I finished support for screen cast portal in xdg-desktop-portal-kde last week and currently waiting for it to pass review and be merged to master. This is also currently blocked by two not merged reviews, one adding support for sending GBM buffers from KWin and one with new Remote Access Manager interface in KWayland, both authored by Oleg Chernovskiy, for which I’m really greatful. This all will hopefully land soon enough for Plasma 5.13. Testing this is currently a bit complicated as you need everything compiled yourself and besides my testing application there is really no app using this, except maybe Gnome remote desktop, but there should be support in future for this in Krfb, Chrome or in Firefox. Hopefully soon enough.

Last thing I would like to mention is for GSoC students. We also need remote desktop portal support to have full remote desktop experience so I decided to propose this as a GSoC idea so students can choose this interesting stuff as their GSoC work.

Gnome integration for Qt based applications in Flatpak

Following blog post from Patrick Griffis about new themes support in Flatpak, we started working on supporting this new feature too. Currently wherever you start a Qt application, it would always look like a KDE application or something would be missing, like icons so you would end up with bad experience and mixed feelings. This is going to change now as we now support Gnome in form of icons, widget style and Qt platform theme and with this, when you run a Qt application in Gnome, it will look definitely better and more natively than before. We packaged regular adwaita icons which are used by default in Gnome as extension of freedesktop runtime. For widget style we use adwaita-qt style, which is a Qt style attempting to look like Gtk’s adwaita and the most important part putting this all together is QGnomePlatform, a Qt platform theme which reads your Gnome configuration and applies it to running Qt applications. QGnomePlatform also enforces Qt apps to use adwaita icons and adwaita-qt style by default so that’s another reason why it is important. Both adwaita-qt and QGnomePlatform projects are by the way authored by Martin Bříza, a collegue of mine from Red Hat so if you meet him in person somewhere buy him a beer for that he cares about Qt integration in Gnome :). Now coming to a question how to install this and make it work. Basically all you need to do is install following extensions and you shold be done:

flatpak install kderuntime org.freedesktop.Platform.Icontheme.Adwaita
flatpak install kderuntime org.kde.KStyle.Adwaita
flatpak install kderuntime org.kde.PlatformTheme.QGnomePlatform

Your Qt apps running in flatpak should then automatically pick up all of these extensions without any further modification, same way it does automatically when you run it outside the sandbox. Simply done!. I’m also aware that there are more Gtk themes, like adwaita-dark or high-contrast, both are also available in form of Qt style and we will probably package them later, but at this point it is mostly proof of concept that this can be done and works nicely. You can follow our wiki page if you want more information about runtimes, repository with applications and so on and from me it’s all for now.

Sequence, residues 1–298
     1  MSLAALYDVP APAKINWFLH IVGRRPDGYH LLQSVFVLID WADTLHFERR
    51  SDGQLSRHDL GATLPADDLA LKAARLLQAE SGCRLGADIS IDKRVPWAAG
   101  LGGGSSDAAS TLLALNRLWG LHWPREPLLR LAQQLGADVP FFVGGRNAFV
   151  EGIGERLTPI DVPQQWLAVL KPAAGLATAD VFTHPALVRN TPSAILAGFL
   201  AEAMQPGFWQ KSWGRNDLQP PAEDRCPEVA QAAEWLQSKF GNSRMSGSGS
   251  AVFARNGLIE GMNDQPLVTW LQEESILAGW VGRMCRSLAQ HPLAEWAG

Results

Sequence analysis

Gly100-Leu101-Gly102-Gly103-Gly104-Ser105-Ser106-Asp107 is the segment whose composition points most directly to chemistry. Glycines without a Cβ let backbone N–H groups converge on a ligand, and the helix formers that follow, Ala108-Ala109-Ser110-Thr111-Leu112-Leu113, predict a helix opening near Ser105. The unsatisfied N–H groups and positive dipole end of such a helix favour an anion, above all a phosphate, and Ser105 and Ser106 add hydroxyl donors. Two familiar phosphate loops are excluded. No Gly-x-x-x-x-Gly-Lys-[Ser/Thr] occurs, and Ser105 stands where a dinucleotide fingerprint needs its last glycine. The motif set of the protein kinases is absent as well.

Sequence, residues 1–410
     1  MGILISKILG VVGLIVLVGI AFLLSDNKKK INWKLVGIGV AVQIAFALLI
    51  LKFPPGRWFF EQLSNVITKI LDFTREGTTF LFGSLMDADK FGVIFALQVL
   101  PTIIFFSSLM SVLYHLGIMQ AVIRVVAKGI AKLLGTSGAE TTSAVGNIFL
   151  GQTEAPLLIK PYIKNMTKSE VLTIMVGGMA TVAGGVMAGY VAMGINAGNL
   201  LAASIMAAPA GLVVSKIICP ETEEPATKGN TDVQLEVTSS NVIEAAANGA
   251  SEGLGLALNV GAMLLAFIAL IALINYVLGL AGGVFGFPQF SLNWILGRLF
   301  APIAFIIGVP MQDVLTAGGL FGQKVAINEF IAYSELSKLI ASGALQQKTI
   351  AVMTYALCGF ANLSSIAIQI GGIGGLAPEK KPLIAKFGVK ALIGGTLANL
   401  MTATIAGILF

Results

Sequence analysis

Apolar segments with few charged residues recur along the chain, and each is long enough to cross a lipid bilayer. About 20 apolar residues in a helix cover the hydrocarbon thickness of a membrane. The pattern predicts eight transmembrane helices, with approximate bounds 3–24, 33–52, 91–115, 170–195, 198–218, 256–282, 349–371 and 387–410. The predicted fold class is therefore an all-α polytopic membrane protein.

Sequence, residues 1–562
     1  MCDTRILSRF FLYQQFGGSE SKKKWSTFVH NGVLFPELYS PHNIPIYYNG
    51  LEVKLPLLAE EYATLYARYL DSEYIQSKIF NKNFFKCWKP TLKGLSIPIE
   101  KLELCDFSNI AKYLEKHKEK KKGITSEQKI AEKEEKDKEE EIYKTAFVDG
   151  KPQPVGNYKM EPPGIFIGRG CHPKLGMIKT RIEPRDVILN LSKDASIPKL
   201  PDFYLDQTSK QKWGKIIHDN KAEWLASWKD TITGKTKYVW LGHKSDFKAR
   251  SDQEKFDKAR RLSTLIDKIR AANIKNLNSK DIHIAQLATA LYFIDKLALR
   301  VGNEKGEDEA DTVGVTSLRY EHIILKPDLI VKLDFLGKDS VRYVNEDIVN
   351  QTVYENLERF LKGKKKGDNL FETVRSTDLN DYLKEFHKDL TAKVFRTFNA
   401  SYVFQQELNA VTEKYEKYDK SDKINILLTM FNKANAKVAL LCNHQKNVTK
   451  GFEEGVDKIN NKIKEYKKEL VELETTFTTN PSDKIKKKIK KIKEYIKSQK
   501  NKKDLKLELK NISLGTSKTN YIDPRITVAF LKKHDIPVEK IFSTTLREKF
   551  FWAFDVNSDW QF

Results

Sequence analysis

Btw. below you can see okular running in flatpak and using adwaita-qt style with adwaita icons.

Telegram desktop client for flatpak #3

I have been working lately on fixing issues we had with telegram when using Qt’s flatpak platform plugin to have portals support. This was all crashing due to system tray. Qt tries to fallback to xembed when platform theme doesn’t provide any system tray implementation. Unfortunately Qt assumes that we are using xcb platform plugin (used everywhere by default) and tried to call some functions on it, but unfortunately we were using flatpak platform plugin which loads xcb only internally and because of that it was crashing. To solve that I had to implement my own xembed support into our flatpak platform plugin without using xcb specific functions. This was all happening only on Gnome, because in KDE our platform theme has it’s own implementation of system tray using SNI and xembed is not used there at all. With all those fixes I decided to make telegram to finally use flatpak platform plugin by default.

What is also new is that I created one more branch with alpha releases. Right now I have master branch with latest stable telegram in version 1.0.29 and devel branch with latest alpha release 1.0.37 bringing support for calling.

You can get it the same way as before, following instructions from previous blog post, except that now you have to specify branch you want to install.

Discover: Open desktop ratings